My suggestion for water heater replacement in a home is as follows: Sediment has to build up in
any unit, and the manufacturers install a cheap piece of junk drain that is unserviceable from
the first time of use. I always remove the drain and use a 3/4 x 4” dielectric nipple, a 3/4”
galvanized 90-degree elbow, and a good 3/4” ball valve with a 3/4” pipe-to-hose adapter on the
end. Every three months or so, the unit would have a garden hose attached to the new drain assembly and be given a “bottom blow,” to use the trade jargon. You should let out about five gallons of water each time. Sediment buildup reduces the efficiency of a heater and is a factor in overall drainage failure. Of course, all local codes and manufacturer’s installation instructions should be followed.
I have seen three-year-old water heaters with five to ten gallons of sedimentation in them. An old water heater at a friend’s house was filled to within two inches of the top and weighted about 340 pounds; it took three men to get it out. Don’t find yourself in that predicament.
About the author: Bernard T Walker, “Bernie,” was born and raised near Baltimore, Maryland, in a bottom-echelon blue-collar community called Rosedale. Bernard attended public schools and spent a year and a half at Essex Community College before transferring to Towson State College and receiving a degree in Social Science in 1967.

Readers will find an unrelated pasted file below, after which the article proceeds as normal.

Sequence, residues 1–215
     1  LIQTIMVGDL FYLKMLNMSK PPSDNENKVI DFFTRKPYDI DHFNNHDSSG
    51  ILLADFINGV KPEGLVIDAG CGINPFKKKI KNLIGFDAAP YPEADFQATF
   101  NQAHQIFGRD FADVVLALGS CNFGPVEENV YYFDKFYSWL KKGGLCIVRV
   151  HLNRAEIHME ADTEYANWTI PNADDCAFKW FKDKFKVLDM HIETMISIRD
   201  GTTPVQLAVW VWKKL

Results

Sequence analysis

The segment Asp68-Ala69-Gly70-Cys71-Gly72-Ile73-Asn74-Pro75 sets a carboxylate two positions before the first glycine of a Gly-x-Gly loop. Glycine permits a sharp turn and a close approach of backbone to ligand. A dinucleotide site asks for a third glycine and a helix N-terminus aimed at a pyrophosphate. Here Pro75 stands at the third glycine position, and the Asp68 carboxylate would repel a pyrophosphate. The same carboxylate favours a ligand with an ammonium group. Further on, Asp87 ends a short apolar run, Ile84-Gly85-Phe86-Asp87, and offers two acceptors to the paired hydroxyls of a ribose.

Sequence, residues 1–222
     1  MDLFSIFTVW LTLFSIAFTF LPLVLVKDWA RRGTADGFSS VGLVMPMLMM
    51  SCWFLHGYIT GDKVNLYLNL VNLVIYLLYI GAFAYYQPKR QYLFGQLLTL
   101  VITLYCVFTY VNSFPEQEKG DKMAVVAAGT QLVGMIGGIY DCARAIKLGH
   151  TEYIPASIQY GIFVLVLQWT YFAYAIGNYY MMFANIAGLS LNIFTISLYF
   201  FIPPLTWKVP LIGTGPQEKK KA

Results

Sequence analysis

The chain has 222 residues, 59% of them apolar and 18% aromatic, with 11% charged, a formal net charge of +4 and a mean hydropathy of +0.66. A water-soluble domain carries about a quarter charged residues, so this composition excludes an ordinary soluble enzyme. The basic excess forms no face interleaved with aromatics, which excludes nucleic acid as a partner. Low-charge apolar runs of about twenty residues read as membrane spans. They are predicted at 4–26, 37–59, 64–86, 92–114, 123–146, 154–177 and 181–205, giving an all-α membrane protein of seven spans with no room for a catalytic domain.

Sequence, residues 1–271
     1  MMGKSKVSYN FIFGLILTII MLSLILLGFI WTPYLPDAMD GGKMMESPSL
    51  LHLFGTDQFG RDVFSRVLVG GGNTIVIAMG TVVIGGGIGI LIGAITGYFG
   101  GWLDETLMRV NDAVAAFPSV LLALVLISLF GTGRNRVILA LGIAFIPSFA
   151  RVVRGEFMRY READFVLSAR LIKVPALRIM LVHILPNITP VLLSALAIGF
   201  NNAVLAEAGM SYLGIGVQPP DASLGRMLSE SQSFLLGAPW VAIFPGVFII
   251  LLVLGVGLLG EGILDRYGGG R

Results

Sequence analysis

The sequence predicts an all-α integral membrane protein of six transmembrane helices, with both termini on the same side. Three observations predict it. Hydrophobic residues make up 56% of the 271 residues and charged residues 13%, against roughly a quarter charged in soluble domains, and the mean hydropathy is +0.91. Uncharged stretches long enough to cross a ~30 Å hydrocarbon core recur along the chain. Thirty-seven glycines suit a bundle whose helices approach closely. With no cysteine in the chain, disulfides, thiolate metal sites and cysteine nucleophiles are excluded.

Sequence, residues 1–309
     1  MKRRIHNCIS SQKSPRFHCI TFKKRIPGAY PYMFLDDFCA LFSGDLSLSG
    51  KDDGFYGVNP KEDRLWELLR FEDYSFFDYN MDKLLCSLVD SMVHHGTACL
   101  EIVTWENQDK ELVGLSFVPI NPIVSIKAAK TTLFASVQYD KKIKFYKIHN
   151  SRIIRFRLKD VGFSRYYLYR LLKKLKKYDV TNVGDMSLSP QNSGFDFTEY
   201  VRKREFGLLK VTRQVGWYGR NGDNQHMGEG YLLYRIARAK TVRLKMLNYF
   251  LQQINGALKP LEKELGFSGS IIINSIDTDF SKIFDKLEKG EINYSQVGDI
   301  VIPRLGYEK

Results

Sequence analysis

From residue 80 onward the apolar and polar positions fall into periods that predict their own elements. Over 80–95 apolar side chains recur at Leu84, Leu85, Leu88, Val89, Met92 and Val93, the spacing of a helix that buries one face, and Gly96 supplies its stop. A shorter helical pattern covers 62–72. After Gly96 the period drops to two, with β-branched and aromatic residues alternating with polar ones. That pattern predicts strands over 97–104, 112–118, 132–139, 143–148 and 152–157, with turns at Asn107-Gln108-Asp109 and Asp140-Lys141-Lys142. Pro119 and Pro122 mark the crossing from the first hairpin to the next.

Bernard was drafted immediately after college, went to Basic in Fort Bragg, North Carolina, and spent ten months supply training in Fort Jackson, South Carolina. Then, there was an 11-month tour of duty in Vietnam. By “Nam” standards, his unit had a great job since it was located at a massive fire support base north of Saigon. He was promoted to E-5 and was in charge of the cargo crew supplies, which ran through nearby Bien Hoa Air Base to various areas in the jungle. Bernard came home in September 1969 and started a job with B&O railroad, but the job was eliminated due to downsizing after a year and a half. Next, he went to work for the Employment Security Administration for the state of Maryland as the job developer, interviewer, veteran’s rep, and counselor. This agency was a
branch of the “War on Poverty.”
The entire office shut down. Bernard found a home at Plumbers Local #48 as an apprentice plumber and gasfitter.
He worked about half the time as a mechanic and the other half as a supervisor. He retired nine years ago and moved to Creswell, NC four years ago. Bernard and his wife divorced in 1994, and he doesn’t have any children.
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